What does all of this say to the debate about putting boots on the ground?  Does military intervention not play right in to Islamist strategy?  To be fair, let us quickly paraphrase the Iraq invasion strategy.  The idea was that it is better to fight terrorists with voluntary soldiers on foreign soil than to leave them unchecked and able to mobilize over seas to then launch attacks on U.S. soil.

It may sound simplistic but the ground force operations in Iraq and Afghanistan gave us an intelligence capability and a special forces capability we would have never had otherwise.  Without it, we would have never gotten Bin Laden and a lot of other bad guys.  That capability is no where near what it was since before the Iraq withdrawal.   Further, the U.S. had the un-articulated strategic advantage of new strike capabilities in a theater where we needed more geo-strategic leverage.  That’s gone too.

For the sake of argument, however, let’s say that the Iraq invasion did bring more terrorists out of the woodwork then would have ever otherwise confronted the U.S. unprovoked.   As Sam Harris has recently highlighted, the same ideas animate the overarching actions of all three groups; al Qaeda, al Shabaab, and ISIS.  It is a strategy for global dominance.  In Somalia, early al Shabaab had an ideological enemy, the Siad Barre military regime, long before U.S. foreign policy provided the foil.   His rise had to do with the Soviets whose foreign policy also provided the foil for Bin Laden’s early propaganda successes.

It will  help Islamist propaganda generally when they can use a Western or secular foreign policy or ideology as a foil.  Letting them determine when and where to fight is to concede that jihadists will name the tune that the West will dance to.  As the list of no-good options grows, there is healthy debate and a lot of good reasons why we should not invade  Iraq for a third time.  But a recruiting coup is not one of them.  The factors listed above can account for a robust propaganda and recruiting capability for ISIS, al Shabaab, and al Qaeda.  Further, thanks to social media, the viral effect is in effect.  That ship has sailed and Western leaders are in more dissarray than ever as to what to do about it.

Baraawe reminds us that taking territory away from Islamist terrorist groups can deprive them of money, weapons, and new recruits in the short term.  Iraq teaches us that if we don’t hold the ground taken from Islamist groups, they will take it back.  Neither case address the blood lust or sense of righteousness for their cause in the long run.  Yet their ideas can draw fighters to their banner with or without a U.S. presence on the ground.  A counter ideology capability for the West will not likely emerge in the American political climate.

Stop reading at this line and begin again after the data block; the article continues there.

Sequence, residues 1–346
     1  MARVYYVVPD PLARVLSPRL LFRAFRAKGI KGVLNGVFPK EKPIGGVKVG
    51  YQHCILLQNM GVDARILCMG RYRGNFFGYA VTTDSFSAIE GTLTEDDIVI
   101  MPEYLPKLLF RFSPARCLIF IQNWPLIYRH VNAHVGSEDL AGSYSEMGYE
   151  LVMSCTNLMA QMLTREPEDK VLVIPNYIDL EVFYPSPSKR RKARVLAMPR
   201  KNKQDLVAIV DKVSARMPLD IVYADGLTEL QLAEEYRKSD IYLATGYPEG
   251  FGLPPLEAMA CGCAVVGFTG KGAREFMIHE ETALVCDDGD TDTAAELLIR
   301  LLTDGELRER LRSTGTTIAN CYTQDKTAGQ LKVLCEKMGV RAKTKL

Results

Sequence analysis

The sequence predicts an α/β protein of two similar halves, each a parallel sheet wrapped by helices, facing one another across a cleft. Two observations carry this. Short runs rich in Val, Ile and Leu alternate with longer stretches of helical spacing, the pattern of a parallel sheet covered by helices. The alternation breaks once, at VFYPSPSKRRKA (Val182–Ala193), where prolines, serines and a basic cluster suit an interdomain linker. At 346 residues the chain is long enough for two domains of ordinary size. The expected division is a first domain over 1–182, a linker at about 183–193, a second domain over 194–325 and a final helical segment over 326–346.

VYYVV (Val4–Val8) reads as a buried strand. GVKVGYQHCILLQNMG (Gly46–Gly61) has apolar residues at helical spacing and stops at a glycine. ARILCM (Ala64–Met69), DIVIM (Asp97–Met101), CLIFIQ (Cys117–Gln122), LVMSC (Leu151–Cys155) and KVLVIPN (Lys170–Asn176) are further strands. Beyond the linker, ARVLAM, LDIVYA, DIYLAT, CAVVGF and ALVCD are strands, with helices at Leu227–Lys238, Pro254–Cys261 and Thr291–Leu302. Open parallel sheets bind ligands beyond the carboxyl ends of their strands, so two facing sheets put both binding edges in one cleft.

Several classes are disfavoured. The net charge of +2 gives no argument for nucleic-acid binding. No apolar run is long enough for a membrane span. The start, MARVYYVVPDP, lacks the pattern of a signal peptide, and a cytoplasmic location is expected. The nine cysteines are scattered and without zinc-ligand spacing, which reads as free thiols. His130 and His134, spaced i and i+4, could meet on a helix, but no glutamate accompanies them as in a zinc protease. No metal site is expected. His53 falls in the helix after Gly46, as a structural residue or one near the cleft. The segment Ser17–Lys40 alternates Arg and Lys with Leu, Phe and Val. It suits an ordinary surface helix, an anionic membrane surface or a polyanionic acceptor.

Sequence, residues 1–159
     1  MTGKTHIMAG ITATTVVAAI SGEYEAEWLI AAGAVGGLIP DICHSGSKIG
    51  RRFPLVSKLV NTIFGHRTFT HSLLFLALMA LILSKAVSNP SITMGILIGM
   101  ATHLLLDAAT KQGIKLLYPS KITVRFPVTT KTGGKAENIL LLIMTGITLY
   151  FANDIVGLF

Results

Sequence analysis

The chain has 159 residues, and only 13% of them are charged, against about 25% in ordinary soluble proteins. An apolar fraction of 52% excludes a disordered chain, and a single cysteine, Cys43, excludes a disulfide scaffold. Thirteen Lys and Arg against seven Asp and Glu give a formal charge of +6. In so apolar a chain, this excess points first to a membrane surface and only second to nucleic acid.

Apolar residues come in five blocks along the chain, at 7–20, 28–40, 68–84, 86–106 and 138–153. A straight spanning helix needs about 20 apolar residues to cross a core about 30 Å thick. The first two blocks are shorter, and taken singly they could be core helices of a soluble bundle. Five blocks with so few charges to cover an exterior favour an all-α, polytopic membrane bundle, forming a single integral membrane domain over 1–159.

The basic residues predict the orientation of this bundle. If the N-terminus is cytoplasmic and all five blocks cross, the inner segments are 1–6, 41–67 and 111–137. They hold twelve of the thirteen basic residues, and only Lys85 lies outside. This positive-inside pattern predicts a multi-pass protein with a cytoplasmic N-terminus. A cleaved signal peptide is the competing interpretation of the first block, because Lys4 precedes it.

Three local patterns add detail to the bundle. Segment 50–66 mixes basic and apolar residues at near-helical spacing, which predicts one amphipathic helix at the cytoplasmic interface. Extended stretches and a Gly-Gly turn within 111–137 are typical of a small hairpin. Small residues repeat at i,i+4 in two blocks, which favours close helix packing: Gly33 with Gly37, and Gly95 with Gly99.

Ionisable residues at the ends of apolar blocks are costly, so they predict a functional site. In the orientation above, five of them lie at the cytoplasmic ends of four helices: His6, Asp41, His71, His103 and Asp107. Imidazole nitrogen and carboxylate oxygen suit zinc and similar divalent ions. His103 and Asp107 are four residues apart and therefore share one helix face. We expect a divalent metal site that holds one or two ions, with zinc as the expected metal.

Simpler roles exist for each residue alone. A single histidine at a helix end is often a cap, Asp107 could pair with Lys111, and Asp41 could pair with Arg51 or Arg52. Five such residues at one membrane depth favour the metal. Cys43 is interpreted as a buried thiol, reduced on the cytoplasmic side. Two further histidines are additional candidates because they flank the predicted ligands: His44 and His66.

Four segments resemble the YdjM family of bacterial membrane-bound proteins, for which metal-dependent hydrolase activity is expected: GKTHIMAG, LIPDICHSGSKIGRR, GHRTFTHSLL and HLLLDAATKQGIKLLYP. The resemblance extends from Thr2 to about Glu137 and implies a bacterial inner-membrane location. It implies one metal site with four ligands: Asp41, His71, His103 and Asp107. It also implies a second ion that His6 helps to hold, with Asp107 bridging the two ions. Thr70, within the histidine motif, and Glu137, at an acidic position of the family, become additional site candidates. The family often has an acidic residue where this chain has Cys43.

Boko Haram: Growing Interest, Continuing Uncertainty on Capitol Hill

By Andrew E. Harrod:

About 90 Congressional staffers filled a Dirksen Senate Office Building hearing room last May 28 for “Boko Haram:  Beyond #BringBackOurGirls,” a Foreign Policy Initiative briefing on Nigeria’s Muslim terrorist group.  While the audience was “telling how much interest has grown in this group” for panelist Dr. J. Peter Pham of the Atlantic Council, the briefing indicated several complicated issues in the struggle against Boko Haram.

Abubakar Shekau, leader of Islamic terror group Boko Haram

Abubakar Shekau, leader of Islamic terror group Boko Haram

A rescue operation for these girls “just makes no sense,” the Atlantic Council’s Rudolph Atallah specifically commented, as their scattering makes success “next to impossible.”  Previous rescue operations in Nigeria and the region had ended in hostage deaths, concurred Blanchard, perhaps necessitating negotiations for the girls’ release.  These failures were part of wider panelist concerns with respect to Nigerian security forces, often ill-equipped and counterproductively harsh in their tactics.  Nigeria’s army actually “is not a poor and starving military,” Blanchard argued, yet corruption often consumed needed resources.  Nigeria had purchased nine Israeli Unmanned Aerial Vehicles (UAVs), for example, but they currently do not operate.The April 14 Boko Haram kidnapping of 276 schoolgirlsin Chibok, Borno state, is “really only a drop in the bucket” of Boko Haram’s bloody record, although Boko Haram’s recent international notoriety largely derived from this event, Pham observed.  Boko Haram had caused 4-6,000 deaths, noted Laureen Ploch Blanchardfrom the Congressional Research Service (CRS).  The United Nations (UN) estimated six million people affected by Boko Haram’s violence in an “incredibly important country” with Africa’s largest economy and population (about 180 million). Alone Nigeria’s Muslim population was Africa’s largest Muslim community and one of the largest in the world, observed Pham.